If it were 15 years ago, your daughter would be just fine in K. A LOT has changed in the past 10 years...and not for the better in public education. It is not your child that is the problem, it is the system and what we expect out of kids without the proper support or understanding of developmental levels. So, you have to play the system to best benefit your child. So sad, I know. Good luck with your decision.
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M.L. answers from Hartford on April 15, 2010
Kindergarten teachers shoudl be trained and equiped to work with any child. She does not seem like she has many issues. Many children are shy. Kindergarted teahcers have children with many special needs. I am actually an earlychilhood major- in my BA program currently!
Maybe you could talk with the pricipal at the new school and maybe she will qualify for a one on one teacher in her classroom. Teachers should not allow her to get lost in the shuffle. I would hate to see her not move on to bigger and better things.
Try to work with her at home as well, she seems academically ready! I would give it a go!
Working From home and loving it!
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M.M. answers from Jacksonville on April 15, 2010
If she is already hitting the Kindergarten benchmarks then send her along. Why hold her back if academically she is ready? She will get bored and then see school as just an inconveniene and stupid. Why go and do the work if I know it already. MAybe she only needs one or two other little girls to be friends with. Kindergarteners aren't all social butterflies.
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S.S. answers from Chicago on April 16, 2010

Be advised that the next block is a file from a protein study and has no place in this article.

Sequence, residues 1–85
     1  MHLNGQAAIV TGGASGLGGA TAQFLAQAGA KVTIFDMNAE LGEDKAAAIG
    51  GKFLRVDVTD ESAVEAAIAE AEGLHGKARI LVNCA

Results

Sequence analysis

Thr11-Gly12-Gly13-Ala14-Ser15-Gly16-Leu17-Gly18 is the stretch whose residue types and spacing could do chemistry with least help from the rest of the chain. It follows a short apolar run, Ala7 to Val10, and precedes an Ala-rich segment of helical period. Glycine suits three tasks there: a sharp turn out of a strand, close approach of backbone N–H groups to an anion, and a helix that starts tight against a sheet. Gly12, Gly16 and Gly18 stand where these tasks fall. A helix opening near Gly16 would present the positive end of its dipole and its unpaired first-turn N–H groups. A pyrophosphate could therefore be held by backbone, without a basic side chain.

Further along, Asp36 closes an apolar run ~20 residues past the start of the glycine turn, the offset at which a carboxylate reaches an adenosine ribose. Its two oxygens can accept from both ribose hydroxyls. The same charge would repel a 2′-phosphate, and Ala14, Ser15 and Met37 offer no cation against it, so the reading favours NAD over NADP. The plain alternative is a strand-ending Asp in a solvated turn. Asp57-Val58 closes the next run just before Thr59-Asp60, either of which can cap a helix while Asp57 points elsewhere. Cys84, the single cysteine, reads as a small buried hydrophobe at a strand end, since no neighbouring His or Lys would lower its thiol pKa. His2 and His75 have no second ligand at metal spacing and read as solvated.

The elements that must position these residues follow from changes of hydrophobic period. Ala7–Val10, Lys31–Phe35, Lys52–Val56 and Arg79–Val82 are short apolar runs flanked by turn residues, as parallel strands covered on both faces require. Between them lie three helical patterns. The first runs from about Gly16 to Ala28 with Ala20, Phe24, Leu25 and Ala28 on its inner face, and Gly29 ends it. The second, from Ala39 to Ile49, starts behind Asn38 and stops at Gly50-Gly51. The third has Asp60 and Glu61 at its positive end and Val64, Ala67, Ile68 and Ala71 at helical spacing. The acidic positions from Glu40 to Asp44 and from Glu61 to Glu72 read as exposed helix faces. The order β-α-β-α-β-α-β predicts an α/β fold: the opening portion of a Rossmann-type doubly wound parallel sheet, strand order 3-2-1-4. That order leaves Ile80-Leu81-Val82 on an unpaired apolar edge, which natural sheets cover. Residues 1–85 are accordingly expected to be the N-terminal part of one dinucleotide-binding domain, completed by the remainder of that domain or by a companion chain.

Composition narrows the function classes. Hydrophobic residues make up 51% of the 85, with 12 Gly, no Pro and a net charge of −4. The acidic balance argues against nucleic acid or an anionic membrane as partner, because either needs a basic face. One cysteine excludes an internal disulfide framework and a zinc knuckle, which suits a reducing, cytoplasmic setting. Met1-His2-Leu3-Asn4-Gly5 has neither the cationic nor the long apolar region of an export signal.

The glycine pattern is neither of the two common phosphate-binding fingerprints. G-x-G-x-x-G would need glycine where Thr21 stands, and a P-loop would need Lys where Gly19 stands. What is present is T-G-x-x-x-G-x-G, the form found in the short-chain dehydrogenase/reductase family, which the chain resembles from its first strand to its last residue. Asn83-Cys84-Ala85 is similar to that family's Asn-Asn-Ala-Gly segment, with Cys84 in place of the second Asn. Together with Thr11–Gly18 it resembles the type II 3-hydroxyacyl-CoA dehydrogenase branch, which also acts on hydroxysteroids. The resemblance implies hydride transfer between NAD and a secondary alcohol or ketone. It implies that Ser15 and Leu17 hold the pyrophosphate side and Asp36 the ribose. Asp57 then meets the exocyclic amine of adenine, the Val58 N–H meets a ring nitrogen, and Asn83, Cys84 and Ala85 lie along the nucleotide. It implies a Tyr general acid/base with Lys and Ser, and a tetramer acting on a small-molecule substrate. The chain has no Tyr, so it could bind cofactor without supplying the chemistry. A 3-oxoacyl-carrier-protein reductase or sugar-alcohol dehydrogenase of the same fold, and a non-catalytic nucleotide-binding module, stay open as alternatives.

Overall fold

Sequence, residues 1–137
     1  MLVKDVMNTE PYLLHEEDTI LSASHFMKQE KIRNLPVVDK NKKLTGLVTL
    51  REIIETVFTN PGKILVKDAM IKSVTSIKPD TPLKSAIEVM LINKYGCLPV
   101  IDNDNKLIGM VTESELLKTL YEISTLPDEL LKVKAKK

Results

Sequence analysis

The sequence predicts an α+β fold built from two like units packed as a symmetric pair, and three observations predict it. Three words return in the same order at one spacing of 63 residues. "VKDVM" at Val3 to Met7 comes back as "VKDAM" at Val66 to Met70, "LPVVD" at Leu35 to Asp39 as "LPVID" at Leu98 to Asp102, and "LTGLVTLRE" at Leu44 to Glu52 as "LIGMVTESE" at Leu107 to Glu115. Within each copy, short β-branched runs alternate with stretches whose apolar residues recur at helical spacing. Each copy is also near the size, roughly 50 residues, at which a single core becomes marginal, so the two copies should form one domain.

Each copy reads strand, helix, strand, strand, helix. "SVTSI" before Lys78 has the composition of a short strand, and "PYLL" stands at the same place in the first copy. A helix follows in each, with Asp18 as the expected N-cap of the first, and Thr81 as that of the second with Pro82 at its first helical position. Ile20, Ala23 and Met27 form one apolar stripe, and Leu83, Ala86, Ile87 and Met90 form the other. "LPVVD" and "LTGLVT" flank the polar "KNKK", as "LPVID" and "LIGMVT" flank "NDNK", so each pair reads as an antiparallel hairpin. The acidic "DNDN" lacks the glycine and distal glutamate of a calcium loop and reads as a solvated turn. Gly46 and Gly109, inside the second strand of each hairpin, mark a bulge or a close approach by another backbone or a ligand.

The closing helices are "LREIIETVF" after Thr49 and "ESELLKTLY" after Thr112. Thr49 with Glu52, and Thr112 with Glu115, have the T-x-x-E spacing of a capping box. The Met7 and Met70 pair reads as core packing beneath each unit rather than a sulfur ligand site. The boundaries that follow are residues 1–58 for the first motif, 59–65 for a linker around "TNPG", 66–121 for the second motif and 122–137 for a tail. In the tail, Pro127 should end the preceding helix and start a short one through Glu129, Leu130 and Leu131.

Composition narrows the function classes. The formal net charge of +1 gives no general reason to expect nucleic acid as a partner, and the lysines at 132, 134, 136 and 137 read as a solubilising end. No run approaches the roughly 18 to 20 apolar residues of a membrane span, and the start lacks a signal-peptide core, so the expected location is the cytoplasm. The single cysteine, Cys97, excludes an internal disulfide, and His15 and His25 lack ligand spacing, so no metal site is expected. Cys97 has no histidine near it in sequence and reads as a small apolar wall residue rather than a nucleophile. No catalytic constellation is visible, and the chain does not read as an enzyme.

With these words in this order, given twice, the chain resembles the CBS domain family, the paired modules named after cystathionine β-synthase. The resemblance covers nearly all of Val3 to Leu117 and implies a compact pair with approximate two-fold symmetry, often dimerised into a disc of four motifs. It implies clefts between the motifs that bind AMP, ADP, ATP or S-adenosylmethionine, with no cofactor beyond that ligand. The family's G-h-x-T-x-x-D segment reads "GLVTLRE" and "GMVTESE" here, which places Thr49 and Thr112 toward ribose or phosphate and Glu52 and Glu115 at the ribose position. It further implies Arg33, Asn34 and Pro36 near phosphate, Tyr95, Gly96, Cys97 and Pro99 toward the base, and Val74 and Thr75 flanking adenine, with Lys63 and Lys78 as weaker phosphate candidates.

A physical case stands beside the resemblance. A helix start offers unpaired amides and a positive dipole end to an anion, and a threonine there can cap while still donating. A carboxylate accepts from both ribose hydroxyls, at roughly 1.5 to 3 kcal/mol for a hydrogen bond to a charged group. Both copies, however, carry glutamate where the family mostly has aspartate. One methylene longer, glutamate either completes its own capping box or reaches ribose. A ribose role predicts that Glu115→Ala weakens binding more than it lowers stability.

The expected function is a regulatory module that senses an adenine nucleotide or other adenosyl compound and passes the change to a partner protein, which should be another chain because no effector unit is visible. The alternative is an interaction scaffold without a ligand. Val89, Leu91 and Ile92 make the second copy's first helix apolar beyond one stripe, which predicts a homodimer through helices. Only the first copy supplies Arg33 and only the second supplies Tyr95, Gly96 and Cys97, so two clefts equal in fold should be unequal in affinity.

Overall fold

Guess they should put me back into ECE as I seem to exhibit some of those traits myself. Are these young teachers? I never heard of such a thing. She is obviously mature enough to be in some program as they are urging her to stay in that one. So what difference will it make if she moves on. Does she have feelings about it? I have worked in kindergartens often and it is impossible to generalize about them. Some have hung on my leg and cried off and on all day, some wanted to write a presidential speech. Then the next day they were the ones that cried. I hate to say it, unless these people can pinpoint more specific information if you and she are ready for it, then go ahead and send her. Sometimes you have to take the bullies by the horn, meaning these teachers do not sound very nurturing...sorry, but I am taking your confusion away and telling you to send her to kindergarten unless you aren't ready (I know I wasn't when my baby turned five)!!!!!
L.C. answers from Chicago on April 16, 2010
listen to the teachers!!!! they know who can make it and who will struggle. give her an extra chance!!! also, counting to 30 is a memorization skill just like saying the abc's....anyone can memorize. so when they mix up the no's and say she gets confused, that's what they mean. teachers most often know their business and you would be doing a favor to your child by sending her one more year. why should she have to struggle??? it will affect her in many ways.
J.F. answers from Chicago on April 16, 2010
If the teachers are that concerned I'd listen to them...social skills are just as valuable in school as the academic ones and by your own admission you are not even sure why she shuts down and refuses to talk, etc...It would be tough for her if she was the only child unwilling or unable to follow directions and also play in a more structured way with the rest of the kids. No harm in not advancing her...I don't know many kids at the top of their class academically that don't feel good about their achievements. Best wishes!
B.H. answers from Detroit on April 15, 2010
I believe that as parents w e do know what your children are capable of then on the other hand these people who are supposed to be trained so you want to believe that they know what is best too. It's a hard decision to make.
Does she attend an all day Program? and is the preschool class and Kindergartin classs located within the same building. If so, maybe you can work something out where she attends preschool half day and Kindergarten the other half of the day. At least then you can get familiar with Kindergarten and gradually work into it.
I'm doing this with my son who is also 5 and enrolled in an early childhood program. He is also in early childhood program because of his maturity level and attention span.